Prime Minister Yasuo Fukuda has told a U.S. newspaper that he expects the United Nations to “more actively intervene” to help cyclone-hit Myanmar at a time when the military government is reluctant to accept troops from other countries, according to a government official.
While noting that the United States is showing “great consideration” by preparing to deploy troops to help Myanmar, Fukuda was quoted as telling the Washington Post on Saturday, “But is it OK to forcibly go there when the (Myanmar) government doesn’t want it and what if some conflict occurs?
“We must think well about whether it is appropriate to (help Myanmar) by way of sending military troops from one country or whether it would be better to send the troops as part of a U.N. organization,” Fukuda said.
He also stressed the need “not to alarm the Myanmar government” and to have a U.N. organization take the initiative.
“We would like to call on the United Nations to make more active intervention,” Fukuda said. “If a powerful country like the United States makes such a request to the United Nations, maybe it will be easier for the United Nations to take action.”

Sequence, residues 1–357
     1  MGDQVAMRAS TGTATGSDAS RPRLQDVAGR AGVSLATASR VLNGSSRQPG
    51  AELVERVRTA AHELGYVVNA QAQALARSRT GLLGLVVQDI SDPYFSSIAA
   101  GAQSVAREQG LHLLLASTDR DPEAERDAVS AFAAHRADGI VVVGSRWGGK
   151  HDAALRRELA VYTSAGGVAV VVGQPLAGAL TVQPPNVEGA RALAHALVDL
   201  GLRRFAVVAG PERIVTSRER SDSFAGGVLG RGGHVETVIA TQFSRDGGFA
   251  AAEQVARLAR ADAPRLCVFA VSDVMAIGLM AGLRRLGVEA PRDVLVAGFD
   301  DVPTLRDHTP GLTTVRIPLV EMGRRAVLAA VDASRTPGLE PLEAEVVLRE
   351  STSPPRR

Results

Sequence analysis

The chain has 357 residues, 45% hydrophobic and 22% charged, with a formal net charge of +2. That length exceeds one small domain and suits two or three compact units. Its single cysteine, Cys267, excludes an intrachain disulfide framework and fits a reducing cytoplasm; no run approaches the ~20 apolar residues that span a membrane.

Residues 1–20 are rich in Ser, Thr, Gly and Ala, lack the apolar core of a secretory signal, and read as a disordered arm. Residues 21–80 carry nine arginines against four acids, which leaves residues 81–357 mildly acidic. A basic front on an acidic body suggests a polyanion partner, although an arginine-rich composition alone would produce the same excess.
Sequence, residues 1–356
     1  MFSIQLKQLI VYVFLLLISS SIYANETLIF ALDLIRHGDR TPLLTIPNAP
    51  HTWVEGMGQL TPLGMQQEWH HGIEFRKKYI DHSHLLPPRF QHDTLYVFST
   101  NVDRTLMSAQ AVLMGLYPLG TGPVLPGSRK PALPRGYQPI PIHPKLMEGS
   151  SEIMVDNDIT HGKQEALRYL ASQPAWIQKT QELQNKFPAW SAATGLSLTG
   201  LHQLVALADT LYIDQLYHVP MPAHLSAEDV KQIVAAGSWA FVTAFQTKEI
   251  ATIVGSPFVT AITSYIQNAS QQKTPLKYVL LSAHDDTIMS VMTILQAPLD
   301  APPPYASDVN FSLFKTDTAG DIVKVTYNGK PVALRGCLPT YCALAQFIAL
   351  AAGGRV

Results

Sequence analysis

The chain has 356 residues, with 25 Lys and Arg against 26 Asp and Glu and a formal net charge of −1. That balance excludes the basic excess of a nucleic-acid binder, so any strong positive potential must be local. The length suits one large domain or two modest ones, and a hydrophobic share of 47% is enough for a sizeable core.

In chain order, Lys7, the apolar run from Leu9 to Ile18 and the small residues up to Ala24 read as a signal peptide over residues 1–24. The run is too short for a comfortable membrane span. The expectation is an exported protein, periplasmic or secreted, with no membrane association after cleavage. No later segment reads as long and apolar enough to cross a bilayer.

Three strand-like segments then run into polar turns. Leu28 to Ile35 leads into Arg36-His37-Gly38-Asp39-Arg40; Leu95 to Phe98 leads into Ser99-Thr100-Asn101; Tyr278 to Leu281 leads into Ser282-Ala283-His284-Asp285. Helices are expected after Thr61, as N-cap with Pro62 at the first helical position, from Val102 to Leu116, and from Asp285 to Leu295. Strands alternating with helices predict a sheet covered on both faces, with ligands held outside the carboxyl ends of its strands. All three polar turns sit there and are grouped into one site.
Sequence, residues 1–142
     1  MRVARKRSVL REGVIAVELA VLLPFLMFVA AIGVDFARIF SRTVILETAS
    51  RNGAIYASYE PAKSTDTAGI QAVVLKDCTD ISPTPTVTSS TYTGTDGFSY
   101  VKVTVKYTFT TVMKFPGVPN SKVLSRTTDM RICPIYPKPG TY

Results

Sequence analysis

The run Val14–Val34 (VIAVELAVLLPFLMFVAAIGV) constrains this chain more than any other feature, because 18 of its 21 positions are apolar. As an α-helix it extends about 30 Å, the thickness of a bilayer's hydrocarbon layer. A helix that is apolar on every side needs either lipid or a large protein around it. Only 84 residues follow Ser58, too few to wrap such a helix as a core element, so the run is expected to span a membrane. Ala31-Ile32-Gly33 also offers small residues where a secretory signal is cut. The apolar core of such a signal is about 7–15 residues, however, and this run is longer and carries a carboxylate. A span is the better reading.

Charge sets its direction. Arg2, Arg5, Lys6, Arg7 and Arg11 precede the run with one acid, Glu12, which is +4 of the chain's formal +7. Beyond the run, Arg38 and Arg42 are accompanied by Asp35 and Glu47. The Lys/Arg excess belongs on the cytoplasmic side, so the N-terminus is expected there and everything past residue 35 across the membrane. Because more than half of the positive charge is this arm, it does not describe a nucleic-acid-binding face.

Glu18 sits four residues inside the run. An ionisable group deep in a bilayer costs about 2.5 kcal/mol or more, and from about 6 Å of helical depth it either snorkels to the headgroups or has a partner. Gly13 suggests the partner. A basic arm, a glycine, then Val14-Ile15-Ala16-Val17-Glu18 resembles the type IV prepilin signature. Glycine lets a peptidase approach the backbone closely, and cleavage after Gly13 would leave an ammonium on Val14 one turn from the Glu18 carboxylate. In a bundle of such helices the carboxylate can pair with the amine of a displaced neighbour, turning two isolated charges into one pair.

Myanmar has been reluctant to open its borders to personnel from relief agencies and countries offering help, including the United States, despite predictions that the number of fatalities from the cyclone could reach as high as 100,000.
The junta has been increasingly at odds with the United States, which has supported prodemocracy leader Aung San Suu Kyi.
On climate change issues, Fukuda expressed his willingness to seek support from India, a major greenhouse gas emitter, for Japan’s proposal of a “sectoral approach” to setting targets for greenhouse gas emissions cuts, after recently gaining appreciation from China.
China agreed that the sectoral approach provides “an important method” for the reduction of emissions in a bilateral joint statement on climate change issued Wednesday when Chinese President Hu Jintao was in Tokyo for a state visit.
Japan, which will host the Group of Eight summit in Hokkaido in July, has proposed calculating potential carbon dioxide reductions on a sector-by-sector basis.
Fukuda said the sectoral approach is “an easily comprehensible and scientific method” but added that Japan will deal “flexibly” if there are better proposals from other countries, according to the official.